Those kid and parent-built racers won’t be blazing down the hill at Faurot Park with nostalgic runs this summer.
Steve Skinner sure hopes they’ll be back next year, but the Lima Soap Box Derby won’t be under his watch. He decided to step down as the race director after 10 years at the helm and more than 15 years volunteering with the event that started its Lima run in 1936.
“I’m going to miss it,” Skinner said. “I decided to step down and let someone else try to do it if they want to. If not, we’ll make sure we get it going again.”
Back in January, the group’s board decided to scrap the 2022 edition of the Lima Soap Box Derby. The event takes six months of planning, Skinner said.
“Back when we decided back in January, COVID was still quite a big thing,” he said.
It’s the same reason the event didn’t happen in 2020 and 2021.
The event at the corner of Woodlawn Avenue and North Shore Drive remained quite a draw. In its most recent run, in June 2019, there were 29 racers with its 69th edition. That was up from the year before.
It’s a youth activity unlike any other. Each racer is required to build a soap box derby car from scratch or a kit. Many children in the three divisions from the ages of 7 to 20 made lifetime memories building a car with a parent or trusted adult. Each four-wheel vehicle must pass a final inspection prior to the race, not exceeding a certain weight between the weight of the car and its racer.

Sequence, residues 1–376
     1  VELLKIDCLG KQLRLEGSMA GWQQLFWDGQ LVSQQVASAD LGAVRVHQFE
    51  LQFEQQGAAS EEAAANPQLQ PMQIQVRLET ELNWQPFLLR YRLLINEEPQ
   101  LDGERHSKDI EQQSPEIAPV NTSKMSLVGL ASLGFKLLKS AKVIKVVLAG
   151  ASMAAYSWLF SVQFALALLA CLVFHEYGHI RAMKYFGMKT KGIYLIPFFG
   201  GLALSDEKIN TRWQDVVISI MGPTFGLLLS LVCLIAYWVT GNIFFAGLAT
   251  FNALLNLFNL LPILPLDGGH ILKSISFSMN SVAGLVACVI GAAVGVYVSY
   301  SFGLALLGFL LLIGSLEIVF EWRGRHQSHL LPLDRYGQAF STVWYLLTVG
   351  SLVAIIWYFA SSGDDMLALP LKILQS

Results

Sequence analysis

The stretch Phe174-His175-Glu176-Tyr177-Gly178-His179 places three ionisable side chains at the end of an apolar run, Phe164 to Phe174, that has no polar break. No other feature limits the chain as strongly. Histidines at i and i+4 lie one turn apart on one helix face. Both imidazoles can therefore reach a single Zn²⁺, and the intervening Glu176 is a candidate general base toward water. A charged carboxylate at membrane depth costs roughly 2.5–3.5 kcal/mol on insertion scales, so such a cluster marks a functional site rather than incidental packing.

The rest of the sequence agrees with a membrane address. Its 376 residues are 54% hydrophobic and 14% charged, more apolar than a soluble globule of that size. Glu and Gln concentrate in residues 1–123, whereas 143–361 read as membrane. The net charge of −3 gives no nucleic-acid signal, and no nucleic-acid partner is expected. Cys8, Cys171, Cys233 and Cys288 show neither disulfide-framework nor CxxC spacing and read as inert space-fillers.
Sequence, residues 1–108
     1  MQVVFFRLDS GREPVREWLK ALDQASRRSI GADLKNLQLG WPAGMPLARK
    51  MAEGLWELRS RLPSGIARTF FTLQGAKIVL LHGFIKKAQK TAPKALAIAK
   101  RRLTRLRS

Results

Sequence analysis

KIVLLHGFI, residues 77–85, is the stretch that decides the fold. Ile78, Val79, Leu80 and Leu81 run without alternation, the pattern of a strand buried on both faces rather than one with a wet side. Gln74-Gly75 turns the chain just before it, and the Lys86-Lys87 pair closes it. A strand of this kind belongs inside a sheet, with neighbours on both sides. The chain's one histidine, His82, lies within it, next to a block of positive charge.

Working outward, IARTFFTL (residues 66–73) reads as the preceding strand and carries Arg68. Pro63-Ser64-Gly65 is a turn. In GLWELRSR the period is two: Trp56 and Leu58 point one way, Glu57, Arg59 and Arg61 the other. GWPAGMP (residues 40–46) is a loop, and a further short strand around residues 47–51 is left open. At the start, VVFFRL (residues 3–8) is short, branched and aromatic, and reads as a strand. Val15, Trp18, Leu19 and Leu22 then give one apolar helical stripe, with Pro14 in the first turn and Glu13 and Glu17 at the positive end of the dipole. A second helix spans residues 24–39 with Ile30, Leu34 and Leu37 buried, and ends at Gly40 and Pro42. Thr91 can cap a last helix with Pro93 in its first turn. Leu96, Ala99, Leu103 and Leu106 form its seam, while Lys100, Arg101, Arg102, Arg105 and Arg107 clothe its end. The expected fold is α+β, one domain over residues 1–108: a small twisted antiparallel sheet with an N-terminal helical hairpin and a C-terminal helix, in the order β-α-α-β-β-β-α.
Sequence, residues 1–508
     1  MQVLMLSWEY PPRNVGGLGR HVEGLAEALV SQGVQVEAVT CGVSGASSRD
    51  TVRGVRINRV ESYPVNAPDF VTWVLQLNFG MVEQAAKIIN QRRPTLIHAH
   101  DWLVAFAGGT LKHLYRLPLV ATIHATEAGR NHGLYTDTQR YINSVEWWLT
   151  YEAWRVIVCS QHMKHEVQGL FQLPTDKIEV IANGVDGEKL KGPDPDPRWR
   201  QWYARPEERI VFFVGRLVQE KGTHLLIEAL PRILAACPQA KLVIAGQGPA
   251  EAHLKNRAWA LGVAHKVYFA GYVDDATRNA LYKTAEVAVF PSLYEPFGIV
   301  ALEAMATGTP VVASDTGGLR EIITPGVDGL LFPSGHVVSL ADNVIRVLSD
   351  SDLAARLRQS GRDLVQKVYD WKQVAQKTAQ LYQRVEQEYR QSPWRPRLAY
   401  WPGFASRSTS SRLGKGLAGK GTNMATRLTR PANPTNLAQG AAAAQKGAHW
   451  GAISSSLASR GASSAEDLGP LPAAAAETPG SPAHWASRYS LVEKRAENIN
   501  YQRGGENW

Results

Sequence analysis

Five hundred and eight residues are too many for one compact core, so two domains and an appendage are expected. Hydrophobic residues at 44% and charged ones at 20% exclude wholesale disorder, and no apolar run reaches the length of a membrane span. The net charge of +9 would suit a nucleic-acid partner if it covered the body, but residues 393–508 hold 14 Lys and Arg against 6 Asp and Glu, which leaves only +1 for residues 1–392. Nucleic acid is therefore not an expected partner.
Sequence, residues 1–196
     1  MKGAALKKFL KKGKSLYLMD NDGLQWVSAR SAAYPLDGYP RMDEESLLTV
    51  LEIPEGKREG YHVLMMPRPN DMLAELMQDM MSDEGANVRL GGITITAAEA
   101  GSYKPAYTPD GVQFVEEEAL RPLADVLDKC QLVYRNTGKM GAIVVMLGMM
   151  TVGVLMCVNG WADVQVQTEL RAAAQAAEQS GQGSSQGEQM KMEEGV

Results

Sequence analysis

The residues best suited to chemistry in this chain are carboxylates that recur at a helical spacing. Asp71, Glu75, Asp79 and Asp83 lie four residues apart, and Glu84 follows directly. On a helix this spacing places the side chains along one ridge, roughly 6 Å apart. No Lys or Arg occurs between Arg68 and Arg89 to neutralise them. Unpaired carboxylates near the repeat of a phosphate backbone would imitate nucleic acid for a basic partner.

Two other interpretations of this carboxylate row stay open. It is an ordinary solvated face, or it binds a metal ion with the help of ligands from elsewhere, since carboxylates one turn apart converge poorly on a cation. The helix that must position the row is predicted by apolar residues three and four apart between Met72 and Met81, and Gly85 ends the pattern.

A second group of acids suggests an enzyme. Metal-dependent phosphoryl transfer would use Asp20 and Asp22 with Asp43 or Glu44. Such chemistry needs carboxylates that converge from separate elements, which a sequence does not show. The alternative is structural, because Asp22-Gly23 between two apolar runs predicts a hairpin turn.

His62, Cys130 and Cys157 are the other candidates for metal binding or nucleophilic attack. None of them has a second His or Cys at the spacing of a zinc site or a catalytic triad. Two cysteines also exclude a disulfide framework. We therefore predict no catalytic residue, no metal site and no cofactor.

The interest remains. With Lima’s race gone, area racers are allowed to compete at other cities’ events. Last year, 11-year-old Autumn Stechschulte of Columbus Grove won the Stock Division at the North Central Ohio Soap Box Derby in Mansfield. She advanced to the All-American Soap Box Derby in Akron. She won her heat with a 28.832 second run down that hill but lost her head-to-head race in the second round by a mere 0.014 seconds to the eventual fourth-place finisher.
Ultimately, watching the kids made it worthwhile for Skinner for all those years.
“It was fun watching the kids and seeing their reaction,” he said.
He never raced in the derby as a child, but he remembered watching his dad and his younger brother work on a car and his brother compete. Eventually, his own daughter tried out the sport.
Organizing the annual event meant lining up sponsors and making sure everything was ready for those trips down Henry J. Hawk Memorial Hill in Faurot Park. This is the time of year when things usually picked up if there was a race.
“When the derby comes closer is when it becomes a little hectic,” Skinner said. “That’s when it takes all your time and you’re trying to get everything ready.”
Still, he remains optimistic the event hasn’t had its last sprint down that hill. He’s hopeful someone will step up. People can learn more about helping out through the event’s Facebook page, facebook.com/LimaSoapBoxDerby.